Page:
- Samsung is no stranger to experimenting with form factors for smartphones, as it proved again this week with the Galaxy Fold.
- The gadget maker has released many unconventional phones over the years, from flip phones with swivel hinges to phones with curved screens.
After much anticipation, Samsung on Wednesday finally unveiled its first foldable smartphone, the appropriately named Galaxy Fold.
Starting at a whopping $US1,980, the Galaxy Fold is a 4.6-inch phone that unfolds to become a 7.3-inch tablet. Samsung is pitching the Galaxy Fold as a luxury one-of-a-kind device for those in need of a gadget with more screen space than your average smartphone. During its keynote, the company boasted that the Galaxy Fold can run three apps simultaneously on the screen, for example.
Samsung has a long history of releasing unconventional phones that experiment with form factors. Here’s a look at some of the most distinguished phones the South Korean electronics giant has made over the years.
Samsung Juke (2007)
With the Juke, Samsung attempted to combine a phone with an MP3 player, resulting in a super skinny phone that served as a music player when shut and a phone when opened.
The phone’s keypad was tucked away under the screen, which swiveled out like a switchblade – undoubtedly the phone’s most memorable characteristic. It also had a metal scroll wheel for navigating the tiny screen in music-player mode.
Samsung Galaxy Round (2013)
Curved screens have become a staple of Samsung’s latest flagship phones, and it all started in 2013 with the Galaxy Round. The device’s screen was concave, meant to make the phone more comfortable to hold up to your ear and in your hand.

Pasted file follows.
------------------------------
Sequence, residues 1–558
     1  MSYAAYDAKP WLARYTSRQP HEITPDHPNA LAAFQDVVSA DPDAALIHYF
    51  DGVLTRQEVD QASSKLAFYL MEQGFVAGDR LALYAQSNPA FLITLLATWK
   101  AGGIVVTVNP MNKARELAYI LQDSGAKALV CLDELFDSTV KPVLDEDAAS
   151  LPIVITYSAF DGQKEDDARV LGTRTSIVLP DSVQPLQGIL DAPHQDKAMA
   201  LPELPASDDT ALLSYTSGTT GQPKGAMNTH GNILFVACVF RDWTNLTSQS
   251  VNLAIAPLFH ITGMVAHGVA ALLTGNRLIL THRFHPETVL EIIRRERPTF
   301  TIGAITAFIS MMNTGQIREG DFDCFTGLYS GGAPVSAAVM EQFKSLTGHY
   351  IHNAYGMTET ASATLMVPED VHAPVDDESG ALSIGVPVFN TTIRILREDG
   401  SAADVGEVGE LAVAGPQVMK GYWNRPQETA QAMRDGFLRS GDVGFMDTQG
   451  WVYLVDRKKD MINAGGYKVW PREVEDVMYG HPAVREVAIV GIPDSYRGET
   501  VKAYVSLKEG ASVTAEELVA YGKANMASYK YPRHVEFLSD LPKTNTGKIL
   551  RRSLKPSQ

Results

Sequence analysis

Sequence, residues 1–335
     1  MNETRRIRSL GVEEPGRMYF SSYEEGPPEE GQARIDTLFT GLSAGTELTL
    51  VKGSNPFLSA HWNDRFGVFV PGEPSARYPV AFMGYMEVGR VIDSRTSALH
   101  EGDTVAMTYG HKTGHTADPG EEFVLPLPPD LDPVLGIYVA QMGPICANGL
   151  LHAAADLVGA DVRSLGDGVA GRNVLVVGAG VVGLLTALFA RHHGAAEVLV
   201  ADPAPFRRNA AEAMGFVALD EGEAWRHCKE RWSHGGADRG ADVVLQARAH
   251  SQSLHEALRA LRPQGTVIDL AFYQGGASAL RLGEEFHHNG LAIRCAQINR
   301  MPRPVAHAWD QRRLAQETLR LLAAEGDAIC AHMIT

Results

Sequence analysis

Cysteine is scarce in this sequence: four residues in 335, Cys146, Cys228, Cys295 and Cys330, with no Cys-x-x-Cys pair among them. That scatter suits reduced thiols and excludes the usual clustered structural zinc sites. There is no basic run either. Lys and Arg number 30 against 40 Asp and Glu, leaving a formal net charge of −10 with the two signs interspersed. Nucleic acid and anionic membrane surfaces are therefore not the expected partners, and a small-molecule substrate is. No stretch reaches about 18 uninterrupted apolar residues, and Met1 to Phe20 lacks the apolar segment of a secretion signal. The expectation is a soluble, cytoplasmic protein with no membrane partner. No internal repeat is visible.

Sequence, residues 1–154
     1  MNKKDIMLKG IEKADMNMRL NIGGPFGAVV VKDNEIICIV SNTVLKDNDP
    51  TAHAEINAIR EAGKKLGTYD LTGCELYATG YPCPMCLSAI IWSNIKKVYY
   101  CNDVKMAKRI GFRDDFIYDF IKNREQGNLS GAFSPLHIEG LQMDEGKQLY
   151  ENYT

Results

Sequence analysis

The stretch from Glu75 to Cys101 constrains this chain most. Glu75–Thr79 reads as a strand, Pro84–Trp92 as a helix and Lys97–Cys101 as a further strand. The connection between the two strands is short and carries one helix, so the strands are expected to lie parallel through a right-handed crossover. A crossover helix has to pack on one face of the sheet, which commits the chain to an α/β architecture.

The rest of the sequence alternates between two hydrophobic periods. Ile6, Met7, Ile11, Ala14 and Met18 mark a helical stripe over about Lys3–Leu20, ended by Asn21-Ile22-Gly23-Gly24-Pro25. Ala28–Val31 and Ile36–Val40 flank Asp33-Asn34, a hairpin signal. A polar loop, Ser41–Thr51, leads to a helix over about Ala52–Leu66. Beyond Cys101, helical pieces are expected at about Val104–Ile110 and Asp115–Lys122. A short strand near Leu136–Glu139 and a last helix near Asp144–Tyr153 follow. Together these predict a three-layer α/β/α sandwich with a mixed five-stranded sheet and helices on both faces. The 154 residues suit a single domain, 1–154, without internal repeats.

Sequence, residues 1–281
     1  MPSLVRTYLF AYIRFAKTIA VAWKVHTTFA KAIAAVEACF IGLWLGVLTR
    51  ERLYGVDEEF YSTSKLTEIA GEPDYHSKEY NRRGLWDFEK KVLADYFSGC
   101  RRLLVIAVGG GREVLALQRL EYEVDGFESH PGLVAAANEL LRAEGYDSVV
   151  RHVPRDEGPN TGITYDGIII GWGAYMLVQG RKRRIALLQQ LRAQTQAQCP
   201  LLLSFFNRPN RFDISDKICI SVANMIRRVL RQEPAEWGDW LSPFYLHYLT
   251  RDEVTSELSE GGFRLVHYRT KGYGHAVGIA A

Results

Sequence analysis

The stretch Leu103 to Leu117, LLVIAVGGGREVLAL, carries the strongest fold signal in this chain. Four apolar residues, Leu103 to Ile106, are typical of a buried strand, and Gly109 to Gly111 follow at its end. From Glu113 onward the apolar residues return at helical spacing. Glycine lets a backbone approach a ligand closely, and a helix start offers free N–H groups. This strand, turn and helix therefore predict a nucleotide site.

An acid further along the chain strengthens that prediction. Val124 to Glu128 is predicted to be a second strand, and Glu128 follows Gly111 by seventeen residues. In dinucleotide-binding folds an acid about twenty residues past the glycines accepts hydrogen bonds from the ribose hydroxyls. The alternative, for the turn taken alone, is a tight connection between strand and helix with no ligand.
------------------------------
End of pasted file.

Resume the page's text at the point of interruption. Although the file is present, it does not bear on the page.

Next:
Samsung launched the phone in South Korea in October 2013.
Samsung Galaxy Golden (2013)
Even in the era of the smartphone, Samsung hasn’t given up on flip phones.
The Samsung Galaxy Golden, which the company launched in 2013, according to the tech website Gadgets 360, appears to be a smartphone squeezed into a flip-phone form factor. It had two 3.7-inch touchscreens: one on the clamshell cover, and one inside.
Samsung Reclaim (2009)
Like many phones of its time, the Samsung Reclaim had a sliding keyboard. What made this phone stand out was its eco-friendly design, with recycled-plastic construction and packaging made from recycled paper, CNET said in its review from 2009.
That and its bright-green colour, of course.
Galaxy S4 Zoom (2013)
As the name implies, the Galaxy S4 Zoom is a smartphone/camera that supported a 10X optical zoom. It essentially looked like a Galaxy S4 with a camera stuck to its back.
Samsung released the phone as a variant of the Galaxy S4 in 2013.
Samsung Beat DJ (2009)
Samsung’s Beat DJ wasn’t just designed for listening to music – it was made for DJ-ing too, apparently.
The oddly shaped phone included a DJ app that made it possible to scratch a track by pressing the middle of the screen. It appeared to be a flop though; CNET said in its 2009 review that the app would be “the most unused feature of all time.”
It also included Bang & Olufsen audio.
Bang & Olufsen Serene (2006)
The Bang & Olufsen Serene may be one of the most oddly designed phones, with a distinguished trapezoid shape and a rotary-style keyboard.
The audio company partnered with Samsung on the device, which was marketed as a luxury gadget for audiophiles. It was priced at $US1,275 unlocked when it launched, according to CNET’s review from 2006.
But it wasn’t very practical, as the review said a screwdriver was required to access the battery and the SIM card.
Samsung SPH-N270, commonly called “the Matrix phone” (2003)
When it comes to Samsung’s SPH-N270, the appeal is in its novelty.
The phone is probably recognisable only to those who have seen “The Matrix Reloaded,” considering Samsung released this phone in 2003 to coincide with the movie’s launch and didn’t market it much beyond that, according to PhoneArena.
Samsung is said to have produced a limited number of units, making it a rare find today that can sell for as much as $US600 on eBay.
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